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Richard Debaugh
Pilot 41st Fighter Squadron

Island
Richard DeBaughNew Guinea. It was the feel of the place. New Guinea now seems like the beginning of nowhere, remote in the vagaries of memory and distant in the stream of time. In looking back, nothing was wrong with New Guinea; understanding was all that it needed. Five decades ago we tested our skills in the skies over those equatorial latitudes, were amazed by the fecund rain forest, saw tropical brown rivers plying their epochal work of reducing New Guinea, particle by particle, to the level of the sea, contended with weather that could drench you with rain or with sweat.

As if it had suddenly risen up out of the primordial soup, New Guinea created in us 41st'ers a distinct feel about the place. We had a precise sensitivity to it, overarching and deep seated. And we had to be pliant enough to fit ourselves into the demands of that long-ago island, demands that were hard and explicit. Plant life, animal life, topography, climate - all of these things, and more, built in us a strong sense of where we were. All of us were very much aware of that vari-textured island. Remember its tapestry? The sweep of the New Guinea landscape was an artist's trove: dramatic rock formations, skies at once both threatening and benign, waves of dagger-like kunai grass, mountains that scarred the heavens, rolling seas, elemental native villages, and forest, forest, sinister rain forest everywhere, overwhelming in its mystery. Willa Cather, in My Antonia, said of the American prairie, "Between that earth and that sky I felt erased, blotted out." New Guinea could do that to you in the same way, reduce you to a kind of insignificance.

One of our New Guinea camps, Gusap, was an interesting place, including its location. Not too far from the Ramu River, our camp was also not too far from the beginnings of a rain forest area. On an exploratory hike one time at Gusap, a few of us ventured into that forest area after oscillating for a while between approach and avoidance. I can recall going a hundred yards or so into the trees which soon became very thick with increasingly dense undergrowth. While it may not have been the real thing yet as true rain forest, it nevertheless had a kind of mesmerizing animal stillness that gave one a sense of returning to a prehistoric age. The trees had great branches spread like sails into the sky and wind, and one could only imagine how those high tree tops would adversarily cope with violent weather and how they would flex in a storm dance against their roots. But on this day all was quiet; movement was replaced by a smell indescribable because there was no name for it. This bit of New Guinea rain forest seemed pregnant with mystery, a place of energy rampant, virtually alive with exotica. Its paradox was that it seemed to be moving and growing while sinking to mold on the forest floor.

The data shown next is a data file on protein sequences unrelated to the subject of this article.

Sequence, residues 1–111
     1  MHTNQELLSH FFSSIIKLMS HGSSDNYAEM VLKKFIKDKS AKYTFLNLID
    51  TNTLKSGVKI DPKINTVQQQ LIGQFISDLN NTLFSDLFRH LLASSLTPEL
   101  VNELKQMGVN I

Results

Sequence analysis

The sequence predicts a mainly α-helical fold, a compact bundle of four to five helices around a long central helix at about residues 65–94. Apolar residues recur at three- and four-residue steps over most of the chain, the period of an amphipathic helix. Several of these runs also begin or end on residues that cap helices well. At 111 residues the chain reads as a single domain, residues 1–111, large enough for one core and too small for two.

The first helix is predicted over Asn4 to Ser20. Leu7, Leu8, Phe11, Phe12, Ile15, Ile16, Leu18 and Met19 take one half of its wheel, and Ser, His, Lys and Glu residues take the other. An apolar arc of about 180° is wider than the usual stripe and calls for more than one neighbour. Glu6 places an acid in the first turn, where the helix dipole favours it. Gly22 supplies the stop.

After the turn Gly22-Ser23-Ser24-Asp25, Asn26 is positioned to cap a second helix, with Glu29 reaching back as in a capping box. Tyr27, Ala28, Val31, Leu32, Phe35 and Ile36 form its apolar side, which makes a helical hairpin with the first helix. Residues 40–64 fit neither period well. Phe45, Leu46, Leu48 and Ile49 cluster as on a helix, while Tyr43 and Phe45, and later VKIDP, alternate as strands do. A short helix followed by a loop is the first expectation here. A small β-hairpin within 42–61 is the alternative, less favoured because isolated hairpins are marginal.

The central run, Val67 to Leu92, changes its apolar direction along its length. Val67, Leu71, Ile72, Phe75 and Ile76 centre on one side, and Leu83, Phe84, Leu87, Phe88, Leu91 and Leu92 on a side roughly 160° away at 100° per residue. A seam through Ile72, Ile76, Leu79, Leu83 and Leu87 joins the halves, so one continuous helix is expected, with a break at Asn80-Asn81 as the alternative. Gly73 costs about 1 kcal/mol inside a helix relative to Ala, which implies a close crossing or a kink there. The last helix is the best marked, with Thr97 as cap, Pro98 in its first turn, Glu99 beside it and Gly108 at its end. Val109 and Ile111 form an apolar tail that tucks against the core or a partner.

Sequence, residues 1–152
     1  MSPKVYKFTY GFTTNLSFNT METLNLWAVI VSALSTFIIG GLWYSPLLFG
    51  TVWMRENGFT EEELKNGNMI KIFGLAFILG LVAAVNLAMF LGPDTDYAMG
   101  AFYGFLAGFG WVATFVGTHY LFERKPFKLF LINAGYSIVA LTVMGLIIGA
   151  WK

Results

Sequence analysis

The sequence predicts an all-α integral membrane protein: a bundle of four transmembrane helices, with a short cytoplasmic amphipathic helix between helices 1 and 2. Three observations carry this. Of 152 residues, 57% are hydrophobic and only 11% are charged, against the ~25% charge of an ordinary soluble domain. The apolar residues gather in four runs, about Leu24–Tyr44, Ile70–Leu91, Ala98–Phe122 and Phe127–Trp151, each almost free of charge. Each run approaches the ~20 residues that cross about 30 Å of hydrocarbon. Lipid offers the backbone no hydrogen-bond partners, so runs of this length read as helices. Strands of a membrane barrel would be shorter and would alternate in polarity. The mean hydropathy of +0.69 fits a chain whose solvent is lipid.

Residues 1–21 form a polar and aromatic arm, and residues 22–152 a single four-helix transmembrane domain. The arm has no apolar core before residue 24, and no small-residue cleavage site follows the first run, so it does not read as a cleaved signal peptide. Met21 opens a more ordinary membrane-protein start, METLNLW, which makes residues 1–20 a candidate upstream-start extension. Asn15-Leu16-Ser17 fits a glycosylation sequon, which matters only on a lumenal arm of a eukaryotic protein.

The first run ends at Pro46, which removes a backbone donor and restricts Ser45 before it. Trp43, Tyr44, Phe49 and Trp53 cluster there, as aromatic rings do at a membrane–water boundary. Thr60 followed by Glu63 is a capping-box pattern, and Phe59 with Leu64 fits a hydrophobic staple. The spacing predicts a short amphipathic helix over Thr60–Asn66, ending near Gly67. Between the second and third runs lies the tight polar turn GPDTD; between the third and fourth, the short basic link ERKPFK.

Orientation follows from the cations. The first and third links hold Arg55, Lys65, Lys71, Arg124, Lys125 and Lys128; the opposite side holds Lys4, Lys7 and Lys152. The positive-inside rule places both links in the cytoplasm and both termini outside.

New Guinea. It was the feel of the place. Other than with awe, there was no way to view the mountains, improbably sudden in their lift to the skies. In bad weather, the mountains took on added dimension. More than one pilot, they say, hit a rock at 8000 feet of altitude. Yet the mountains were allies as well as enemies. They could be landmark guideposts, and they could offer valleys and cols of gas-saving virtue. Yes, the mountains were part of the "feel" of New Guinea, and I have often reminisced that the Finisterre Range offered a sierra of mountain beauty.